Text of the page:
With lung diseases like pulmonary fibrosis, vaping and smoke from increased wildfires, lung health research has never been more important. Today, the American Lung Association in Michigan announced that Claudia Loebel, MD, PhD, from The Regents of the University of Michigan, was bestowed the Innovation Award to study how pulmonary fibrosis progresses in patients.
“Here in Michigan, we face lung health challenges like higher smoking and vaping rates and high lung cancer and COPD rates. In addition, nearly 1.5 million people in our state are living with chronic lung disease,” said Maureen Rovas, executive director at the Lung Association in Michigan. “We are excited for Dr. Loebel to join the American Lung Association Research Team to help improve lung health here in Michigan and across the nation.”
Pulmonary fibrosis is a progressive disease in which a patient’s lungs are scarred, often for unknown reasons. Tissue stiffness due to scarring and accumulation of abnormal cells are characteristic for lungs with this disease. Over time, the scarred tissue prevents oxygen from being taken up by the blood, leading to shortness of breath and often death. Dr. Loebel’s project will focus on how tissue stiffness accelerates the growth of abnormal cells and their communication with other cells during fibrosis. These insights will provide important knowledge towards targeting tissue stiffness-related changes in pulmonary fibrosis.
In the 2022-2023 grants cycle, the Lung Association is funding $13.1 million for more than 130 lung health research grants. For this round of funding, the organization placed a greater focus on strategic partnerships with key organizations like American Thoracic Society and CHEST, and grants that focus on equity like the Harold Amos Scholar. Research projects funded by the Lung Association are carefully selected through rigorous scientific review and awardees represent the investigation of a wide range of complex issues.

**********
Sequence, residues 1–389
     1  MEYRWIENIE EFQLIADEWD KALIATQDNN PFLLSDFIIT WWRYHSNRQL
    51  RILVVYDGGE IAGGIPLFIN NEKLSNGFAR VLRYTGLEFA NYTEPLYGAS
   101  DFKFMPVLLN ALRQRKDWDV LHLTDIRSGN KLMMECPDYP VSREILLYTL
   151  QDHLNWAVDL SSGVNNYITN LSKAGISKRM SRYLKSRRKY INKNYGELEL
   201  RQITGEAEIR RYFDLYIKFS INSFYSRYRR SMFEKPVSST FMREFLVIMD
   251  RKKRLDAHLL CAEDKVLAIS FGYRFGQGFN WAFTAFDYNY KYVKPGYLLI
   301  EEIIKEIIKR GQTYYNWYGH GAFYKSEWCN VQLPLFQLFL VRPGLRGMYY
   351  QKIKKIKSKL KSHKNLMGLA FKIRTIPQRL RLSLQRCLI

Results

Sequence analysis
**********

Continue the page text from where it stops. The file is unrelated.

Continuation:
The Lung Association’s Nationwide Research Program includes the Awards and Grants Program, and also our Airways Clinical Research Network, the nation's largest not-for-profit network of clinical research centers dedicated to asthma and COPD treatment research.
For more information about the new grant awardees and the entire Lung Association Research Team, visit Lung.org/research-team.
About the American Lung Association
The American Lung Association is the leading organization working to save lives by improving lung health and preventing lung disease through education, advocacy and research. The work of the American Lung Association is focused on four strategic imperatives: to defeat lung cancer; to champion clean air for all; to improve the quality of life for those with lung disease and their families; and to create a tobacco-free future. For more information about the American Lung Association, which has a 4-star rating from Charity Navigator and is a Platinum-Level GuideStar Member, or to support the work it does, call 1-800-LUNGUSA (1-800-586-4872) or visit: Lung.org.